Monday, September 9, 2013

The Broken Stroller

On Saturday, Abe's parents, the kids, and I participated in a 5k walk for the American Heart Association.  This walk was special to me because my oldest child had major open-heart surgery as a baby.  We are so grateful for all research going towards improving the heart.

Abe was out of town, and I arrived with my children in a separate vehicle from his parents.  We were running a little behind because there were thousands of participants, so traffic was horrendous!

We finally arrived and jumped out of the car as quickly as possible.

I instantly realized my double jogger stroller was broken.  The side where Jayden was sitting was collapsing.  Because it was lopsided on one side, I also couldn't push it in a straight line.  It would have been impossible to walk with both children and carry all our waters, diapers, and oranges, so I had to use the stroller.

I asked a stranger passing by to help me.  After several attempts, he wasn't able to fix it, but he jimmy rigged it instead so that at least it wasn't collapsing as far anymore.  I pushed down hard on the handle and bounced it in an upward motion every few steps to force the stroller to go into a straight line.

We walked almost a mile to reach the start line and happened to find Abe's parents moments before the race started.  They gave us our "Mormons on the Move" team shirts, and we were off!

Jackson, Tyson, and Jordan took off in a sprint, Abe's dad did his speed walk, and the rest of us stayed back with the mass of slower walkers.

People crowded in from all sides, and I kept knocking their ankles because of my lack of control with my broken stroller.  My mother-in-law said I looked like I was having convulsions because I was bouncing it so much to keep it straight.

I had woken my 6 children up at 5:30 in the morning to have an energizing, beautiful experience... I struggled focusing on the beauty.  I smiled but inside frustration was building up.  My wrists had semi-permanent creases in them from pushing down so hard on my stroller, and my concentration was focused on protecting people's heals instead of the overall experience.  After walking almost half the race, I said a prayer in my heart pleading for help to fix the stroller.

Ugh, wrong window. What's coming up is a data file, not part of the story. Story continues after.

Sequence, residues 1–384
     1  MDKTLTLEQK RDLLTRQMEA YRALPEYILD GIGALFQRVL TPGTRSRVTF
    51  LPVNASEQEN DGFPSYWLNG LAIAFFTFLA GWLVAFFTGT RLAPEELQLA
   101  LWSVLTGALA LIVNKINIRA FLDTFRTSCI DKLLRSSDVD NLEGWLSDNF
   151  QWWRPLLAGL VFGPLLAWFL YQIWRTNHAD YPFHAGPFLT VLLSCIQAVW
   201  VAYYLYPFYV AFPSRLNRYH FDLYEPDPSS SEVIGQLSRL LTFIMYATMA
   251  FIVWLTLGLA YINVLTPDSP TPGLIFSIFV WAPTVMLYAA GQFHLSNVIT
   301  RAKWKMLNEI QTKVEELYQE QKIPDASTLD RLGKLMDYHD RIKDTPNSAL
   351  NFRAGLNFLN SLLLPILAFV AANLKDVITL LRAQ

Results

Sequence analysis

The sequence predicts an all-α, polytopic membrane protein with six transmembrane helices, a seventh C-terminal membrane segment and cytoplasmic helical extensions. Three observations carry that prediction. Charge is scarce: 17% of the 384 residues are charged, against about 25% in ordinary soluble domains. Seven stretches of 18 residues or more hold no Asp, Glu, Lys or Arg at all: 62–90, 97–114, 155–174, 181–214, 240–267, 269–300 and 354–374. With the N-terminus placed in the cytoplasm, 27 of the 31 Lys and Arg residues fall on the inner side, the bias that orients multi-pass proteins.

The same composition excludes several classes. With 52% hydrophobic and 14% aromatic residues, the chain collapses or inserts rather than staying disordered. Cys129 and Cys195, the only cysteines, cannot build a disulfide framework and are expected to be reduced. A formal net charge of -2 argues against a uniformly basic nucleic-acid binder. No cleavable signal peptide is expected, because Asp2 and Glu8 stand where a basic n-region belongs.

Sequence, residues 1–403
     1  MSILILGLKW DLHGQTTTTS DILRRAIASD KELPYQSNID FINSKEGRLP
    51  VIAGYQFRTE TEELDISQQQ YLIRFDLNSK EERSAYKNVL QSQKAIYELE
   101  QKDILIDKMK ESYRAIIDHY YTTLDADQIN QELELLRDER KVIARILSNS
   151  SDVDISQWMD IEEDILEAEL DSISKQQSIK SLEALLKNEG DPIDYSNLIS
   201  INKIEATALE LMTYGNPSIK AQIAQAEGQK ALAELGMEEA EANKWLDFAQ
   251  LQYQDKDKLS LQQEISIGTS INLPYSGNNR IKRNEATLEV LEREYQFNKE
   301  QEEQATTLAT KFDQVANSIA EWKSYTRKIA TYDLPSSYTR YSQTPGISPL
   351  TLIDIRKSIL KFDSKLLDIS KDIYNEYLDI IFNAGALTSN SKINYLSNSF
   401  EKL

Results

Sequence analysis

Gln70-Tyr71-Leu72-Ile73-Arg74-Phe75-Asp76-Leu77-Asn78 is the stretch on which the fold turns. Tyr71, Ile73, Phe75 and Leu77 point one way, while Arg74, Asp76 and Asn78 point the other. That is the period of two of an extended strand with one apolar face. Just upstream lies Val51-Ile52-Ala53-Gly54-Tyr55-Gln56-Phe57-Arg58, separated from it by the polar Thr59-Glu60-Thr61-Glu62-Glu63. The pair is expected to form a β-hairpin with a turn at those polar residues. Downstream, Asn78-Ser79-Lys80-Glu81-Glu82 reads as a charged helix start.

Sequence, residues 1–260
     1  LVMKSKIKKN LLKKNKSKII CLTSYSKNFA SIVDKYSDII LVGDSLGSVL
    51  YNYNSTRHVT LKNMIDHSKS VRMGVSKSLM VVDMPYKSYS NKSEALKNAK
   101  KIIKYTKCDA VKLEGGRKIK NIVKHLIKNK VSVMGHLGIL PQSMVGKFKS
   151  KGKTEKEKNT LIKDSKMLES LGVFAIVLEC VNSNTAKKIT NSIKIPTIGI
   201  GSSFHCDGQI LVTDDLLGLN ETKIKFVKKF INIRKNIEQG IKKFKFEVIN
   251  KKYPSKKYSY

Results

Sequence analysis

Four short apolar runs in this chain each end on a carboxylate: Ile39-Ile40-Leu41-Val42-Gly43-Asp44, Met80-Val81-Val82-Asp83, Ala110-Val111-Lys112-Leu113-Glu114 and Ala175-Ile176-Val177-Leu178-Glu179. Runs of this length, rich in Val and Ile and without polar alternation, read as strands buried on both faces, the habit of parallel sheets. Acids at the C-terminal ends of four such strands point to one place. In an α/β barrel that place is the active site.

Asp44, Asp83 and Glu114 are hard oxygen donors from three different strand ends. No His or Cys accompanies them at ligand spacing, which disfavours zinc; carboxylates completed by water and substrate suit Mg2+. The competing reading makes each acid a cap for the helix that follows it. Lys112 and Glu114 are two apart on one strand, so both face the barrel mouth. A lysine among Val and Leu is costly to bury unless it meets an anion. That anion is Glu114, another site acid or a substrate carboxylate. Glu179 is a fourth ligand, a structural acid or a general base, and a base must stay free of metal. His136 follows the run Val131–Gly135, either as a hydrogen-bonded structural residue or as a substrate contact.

I pulled over to the side to make one last attempt.  I didn't know how I could possibly fix it since a big, strong man and I had failed in our earlier attempts, but I had to try again.

Right as I was revving up my energy to try to force the piece into place, a stranger wearing one of our "Mormons on the Move" team shirts walked up beside me, pulled out the perfect tool, and slipped my stroller piece into place.

Abe's mom and I were in shock and thanked him profusely.  He smiled big seeing my heart-felt gratitude, and we continued on our walk.  It felt so good to look around at the people's faces instead of their feet!  Mariah and I skipped along shouting our gratitude as we passed several volunteers playing the accordion.  I was so relieved that I literally told Abe's mom every few minutes how much better I felt!

After the race, Tyson was ecstatic because he had beat all the children in the race.  We all wondered around for quite a while to enjoy the atmosphere.

We lingered so long that we were the last participants to leave and helped the American Heart Association with the cleanup.  My four oldest children sprinted through the fields gathering trash.   We returned to our van with giant balloons and plenty of giveaways.

I pondered about this experience...

First of all, I am so very grateful this man stopped to help.  It would have been easy for him to pretend like he didn't see me- a stranger off on the side struggling.  He listened to the prompting to help and acted immediately.

I could have walked the last mile and a half the same way I did the first half, and the experience was still fine with my broken stroller.

However, what a difference when that burden was lifted!

Because this man listened to the prompting to help and acted on that prompting, I was able to skip with my daughter shouting more gratitude to the volunteers, and we more energized to volunteer our own time to help in the clean-up.  This one man's act of service affected more people than he realizes, and I'm grateful God found a willing servant to answer my prayerful plea for help.